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  • –Women age <60 y.


NCCN 2016

  • Who to screen: patients without cancer.

    • Individual from a family with known deleterious BRCA1 and 2 gene mutation.

    • Test only for the known mutation, not a full genetic evaluation.

    • If strong family history (FH) but unable to test family member with cancer (not alive or unavailable to be tested) then do full genetic evaluation. A strong FH includes

      • Two primary breast cancers in a single close relative (1st, 2nd, and 3rd degree relatives)

      • Two breast cancer primaries on same side of family with at least one diagnosis occurring in a patient <50 y

      • Ovarian cancer or male breast cancer at any age.

  • Who to screen: patients with breast, ovarian, pancreas, and prostate cancer.

    • A known mutation in a cancer susceptibility gene within a family.

    • Early age onset of breast CA (<50 y).

    • Triple negative (ER-PR-, Her2-) breast cancer diagnosed in <60-y-old.

    • An individual of Ashkenazi Jewish descent with breast, ovarian, or pancreatic cancer at any age.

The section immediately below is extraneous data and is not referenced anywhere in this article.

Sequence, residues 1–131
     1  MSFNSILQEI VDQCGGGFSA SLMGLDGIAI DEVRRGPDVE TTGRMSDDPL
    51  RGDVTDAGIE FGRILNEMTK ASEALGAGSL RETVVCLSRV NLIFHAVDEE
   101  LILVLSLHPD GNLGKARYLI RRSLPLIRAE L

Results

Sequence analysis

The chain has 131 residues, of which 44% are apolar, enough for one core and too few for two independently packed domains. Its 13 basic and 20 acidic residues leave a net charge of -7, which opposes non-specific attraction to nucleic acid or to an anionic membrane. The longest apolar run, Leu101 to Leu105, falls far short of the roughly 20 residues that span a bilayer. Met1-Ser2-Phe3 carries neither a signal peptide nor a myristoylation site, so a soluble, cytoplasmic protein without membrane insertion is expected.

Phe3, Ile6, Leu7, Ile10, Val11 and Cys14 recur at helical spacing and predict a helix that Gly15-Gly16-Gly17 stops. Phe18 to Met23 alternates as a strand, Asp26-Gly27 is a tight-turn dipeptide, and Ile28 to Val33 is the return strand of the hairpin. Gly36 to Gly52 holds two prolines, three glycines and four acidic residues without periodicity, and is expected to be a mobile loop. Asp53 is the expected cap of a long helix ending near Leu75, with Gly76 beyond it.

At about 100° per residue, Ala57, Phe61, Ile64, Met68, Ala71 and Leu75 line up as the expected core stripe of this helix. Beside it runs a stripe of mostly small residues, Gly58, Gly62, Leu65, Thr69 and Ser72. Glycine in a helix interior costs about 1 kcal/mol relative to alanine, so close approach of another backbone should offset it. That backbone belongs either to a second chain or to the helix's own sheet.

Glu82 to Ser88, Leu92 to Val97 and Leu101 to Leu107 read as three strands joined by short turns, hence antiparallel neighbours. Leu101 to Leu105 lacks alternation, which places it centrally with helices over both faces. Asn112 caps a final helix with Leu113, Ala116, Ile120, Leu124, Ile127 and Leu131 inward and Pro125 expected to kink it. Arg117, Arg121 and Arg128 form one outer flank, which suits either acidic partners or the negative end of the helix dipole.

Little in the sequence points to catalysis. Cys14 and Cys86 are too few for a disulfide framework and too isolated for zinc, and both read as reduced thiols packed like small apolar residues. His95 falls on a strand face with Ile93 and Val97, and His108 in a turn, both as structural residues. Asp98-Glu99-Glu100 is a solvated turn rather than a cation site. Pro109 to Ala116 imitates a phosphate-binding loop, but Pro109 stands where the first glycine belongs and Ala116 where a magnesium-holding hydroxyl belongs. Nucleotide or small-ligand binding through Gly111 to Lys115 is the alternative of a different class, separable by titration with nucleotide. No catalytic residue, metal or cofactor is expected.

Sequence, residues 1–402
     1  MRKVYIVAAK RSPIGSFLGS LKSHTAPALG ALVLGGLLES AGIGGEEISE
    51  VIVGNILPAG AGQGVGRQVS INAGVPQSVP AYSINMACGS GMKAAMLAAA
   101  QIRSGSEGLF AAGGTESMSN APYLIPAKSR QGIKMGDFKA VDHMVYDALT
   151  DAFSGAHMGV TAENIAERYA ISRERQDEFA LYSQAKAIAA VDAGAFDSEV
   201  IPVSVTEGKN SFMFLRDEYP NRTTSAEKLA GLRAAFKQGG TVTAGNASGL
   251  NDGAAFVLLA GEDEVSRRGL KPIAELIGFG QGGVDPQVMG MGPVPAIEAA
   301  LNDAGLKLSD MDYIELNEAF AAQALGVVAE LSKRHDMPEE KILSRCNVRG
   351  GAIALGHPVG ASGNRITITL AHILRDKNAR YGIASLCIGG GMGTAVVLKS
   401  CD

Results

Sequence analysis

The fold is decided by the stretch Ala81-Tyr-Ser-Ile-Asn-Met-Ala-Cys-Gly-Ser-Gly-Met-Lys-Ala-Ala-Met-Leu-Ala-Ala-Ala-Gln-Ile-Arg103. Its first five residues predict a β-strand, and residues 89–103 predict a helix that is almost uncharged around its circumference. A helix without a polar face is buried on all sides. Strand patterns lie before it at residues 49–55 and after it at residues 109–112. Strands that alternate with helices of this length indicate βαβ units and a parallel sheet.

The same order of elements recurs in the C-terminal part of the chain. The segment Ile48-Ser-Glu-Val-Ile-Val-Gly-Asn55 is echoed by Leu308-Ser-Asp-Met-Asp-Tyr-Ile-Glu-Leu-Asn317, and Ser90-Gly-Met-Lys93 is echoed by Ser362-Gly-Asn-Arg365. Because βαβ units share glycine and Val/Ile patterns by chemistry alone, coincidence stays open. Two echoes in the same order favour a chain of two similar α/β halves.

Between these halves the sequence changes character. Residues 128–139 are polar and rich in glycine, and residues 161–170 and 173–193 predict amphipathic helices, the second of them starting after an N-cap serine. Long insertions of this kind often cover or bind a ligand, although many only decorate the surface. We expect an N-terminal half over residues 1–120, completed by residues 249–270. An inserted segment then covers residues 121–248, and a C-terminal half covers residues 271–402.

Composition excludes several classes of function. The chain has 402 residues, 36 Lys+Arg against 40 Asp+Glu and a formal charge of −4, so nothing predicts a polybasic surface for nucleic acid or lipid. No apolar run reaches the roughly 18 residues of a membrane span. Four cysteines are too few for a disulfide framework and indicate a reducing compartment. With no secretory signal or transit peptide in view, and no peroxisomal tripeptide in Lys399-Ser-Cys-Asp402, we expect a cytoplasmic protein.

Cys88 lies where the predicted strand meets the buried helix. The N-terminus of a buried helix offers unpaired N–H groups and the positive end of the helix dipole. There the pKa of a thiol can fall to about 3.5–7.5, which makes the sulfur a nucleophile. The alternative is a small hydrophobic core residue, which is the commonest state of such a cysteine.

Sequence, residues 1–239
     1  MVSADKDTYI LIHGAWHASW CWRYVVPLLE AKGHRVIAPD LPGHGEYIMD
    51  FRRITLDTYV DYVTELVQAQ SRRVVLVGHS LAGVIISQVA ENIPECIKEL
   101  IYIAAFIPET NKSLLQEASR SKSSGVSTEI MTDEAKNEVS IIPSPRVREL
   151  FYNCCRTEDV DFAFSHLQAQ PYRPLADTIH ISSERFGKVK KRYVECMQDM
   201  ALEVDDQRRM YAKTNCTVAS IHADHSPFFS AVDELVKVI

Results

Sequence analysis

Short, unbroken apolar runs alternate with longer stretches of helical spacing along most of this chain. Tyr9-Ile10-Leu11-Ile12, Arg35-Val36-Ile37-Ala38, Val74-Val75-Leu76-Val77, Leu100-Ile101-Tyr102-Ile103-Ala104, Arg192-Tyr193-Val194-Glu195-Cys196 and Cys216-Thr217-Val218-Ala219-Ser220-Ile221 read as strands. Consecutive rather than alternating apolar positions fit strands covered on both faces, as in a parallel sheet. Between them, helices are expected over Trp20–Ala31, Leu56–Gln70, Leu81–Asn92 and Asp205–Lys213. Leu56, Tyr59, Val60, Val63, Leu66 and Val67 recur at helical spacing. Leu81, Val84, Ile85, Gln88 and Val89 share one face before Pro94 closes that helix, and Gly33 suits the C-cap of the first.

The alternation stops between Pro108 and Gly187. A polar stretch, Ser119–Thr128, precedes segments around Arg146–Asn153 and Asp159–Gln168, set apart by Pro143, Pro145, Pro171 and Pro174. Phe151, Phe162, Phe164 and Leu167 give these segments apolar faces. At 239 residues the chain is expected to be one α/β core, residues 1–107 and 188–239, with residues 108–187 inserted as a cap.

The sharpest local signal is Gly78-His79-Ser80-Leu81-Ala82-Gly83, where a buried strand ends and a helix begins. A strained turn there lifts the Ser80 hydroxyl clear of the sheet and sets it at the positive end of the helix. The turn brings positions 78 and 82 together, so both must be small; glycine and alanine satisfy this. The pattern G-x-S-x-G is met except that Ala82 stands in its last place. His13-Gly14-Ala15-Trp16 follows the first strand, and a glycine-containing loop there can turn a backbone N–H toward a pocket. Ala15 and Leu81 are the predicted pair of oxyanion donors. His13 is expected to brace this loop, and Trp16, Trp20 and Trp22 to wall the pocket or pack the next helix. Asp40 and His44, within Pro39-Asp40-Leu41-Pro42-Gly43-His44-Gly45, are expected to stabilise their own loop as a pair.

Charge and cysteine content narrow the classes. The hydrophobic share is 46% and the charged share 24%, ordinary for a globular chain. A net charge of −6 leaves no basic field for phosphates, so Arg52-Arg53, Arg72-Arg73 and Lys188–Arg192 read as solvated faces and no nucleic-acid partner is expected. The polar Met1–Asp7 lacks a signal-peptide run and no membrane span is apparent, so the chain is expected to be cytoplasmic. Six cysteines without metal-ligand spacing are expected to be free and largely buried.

• All women with ovarian cancer (epithelial and non-mucinous) at any age should be tested for BRCA1 and 2 mutations.


  1. BRCA2 related breast cancer is more like sporadic BC with 75% of patients with hormonal receptor positivity and significant decrease in aggressive growth. Only 15% of BRCA2 patients will develop ovarian cancer with the average time of onset being in the mid-fifties.

  2. One in forty Ashkenazi Jewish men and women carry a deleterious BRCA1 or 2 gene (BRCA1 185del AG, 5382inse mutations, and BRCA2 6174delT mutation).

  3. Some experts believe all men and women of Ashkenazi descent should be tested for these 3 genes even with no personal or family history of malignancy. (N Engl J Med. 2016;374:454)



  • –Women age 20–44 y.


ACS 2016

  • –Inform women of benefits and limitations of breast self-examination (BSE). Teach women to report lumps or breast symptoms.

  • –Do not routinely perform breast imaging for average-risk women. Women age 40–44 y should have the opportunity to begin annual screening if they desire.



  • –Women age 40–49 y.


USPSTF 2012, AAFP 2013

  • –Perform individualized assessment of breast CA risk; base screening decision on benefits and harms of screening as well as on a woman’s preferences and CA risk profile. (Ann Intern Med. 2012;156:635, 662)


  • Ann Intern Med. 2012;156:609.

  • Ann Intern Med. 2014;160:864.

  • Am Fam Physician. 2013;87(4):274-278.

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